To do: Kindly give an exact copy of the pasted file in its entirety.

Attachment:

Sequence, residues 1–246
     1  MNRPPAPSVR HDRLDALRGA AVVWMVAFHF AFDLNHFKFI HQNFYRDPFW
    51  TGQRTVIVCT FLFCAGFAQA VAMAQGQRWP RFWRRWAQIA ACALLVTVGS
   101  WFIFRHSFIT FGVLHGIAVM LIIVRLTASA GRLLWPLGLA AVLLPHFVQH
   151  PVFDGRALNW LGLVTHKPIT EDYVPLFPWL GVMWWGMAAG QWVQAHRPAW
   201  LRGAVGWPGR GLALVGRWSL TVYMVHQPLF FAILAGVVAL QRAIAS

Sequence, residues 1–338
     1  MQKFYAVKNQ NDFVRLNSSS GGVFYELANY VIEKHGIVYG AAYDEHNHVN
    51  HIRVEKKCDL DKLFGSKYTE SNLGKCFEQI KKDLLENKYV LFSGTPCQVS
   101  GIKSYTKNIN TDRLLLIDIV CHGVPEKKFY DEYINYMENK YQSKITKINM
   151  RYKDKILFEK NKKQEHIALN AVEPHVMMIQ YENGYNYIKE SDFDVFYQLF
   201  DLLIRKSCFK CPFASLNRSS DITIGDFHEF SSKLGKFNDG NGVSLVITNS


Sequence, residues 1–246
     1  MNRPPAPSVR HDRLDALRGA AVVWMVAFHF AFDLNHFKFI HQNFYRDPFW
    51  TGQRTVIVCT FLFCAGFAQA VAMAQGQRWP RFWRRWAQIA ACALLVTVGS
   101  WFIFRHSFIT FGVLHGIAVM LIIVRLTASA GRLLWPLGLA AVLLPHFVQH
   151  PVFDGRALNW LGLVTHKPIT EDYVPLFPWL GVMWWGMAAG QWVQAHRPAW
   201  LRGAVGWPGR GLALVGRWSL TVYMVHQPLF FAILAGVVAL QRAIAS

Sequence, residues 1–338
     1  MQKFYAVKNQ NDFVRLNSSS GGVFYELANY VIEKHGIVYG AAYDEHNHVN
    51  HIRVEKKCDL DKLFGSKYTE SNLGKCFEQI KKDLLENKYV LFSGTPCQVS
   101  GIKSYTKNIN TDRLLLIDIV CHGVPEKKFY DEYINYMENK YQSKITKINM
   151  RYKDKILFEK NKKQEHIALN AVEPHVMMIQ YENGYNYIKE SDFDVFYQLF
   201  DLLIRKSCFK CPFASLNRSS DITIGDFHEF SSKLGKFNDG NGVSLVITNS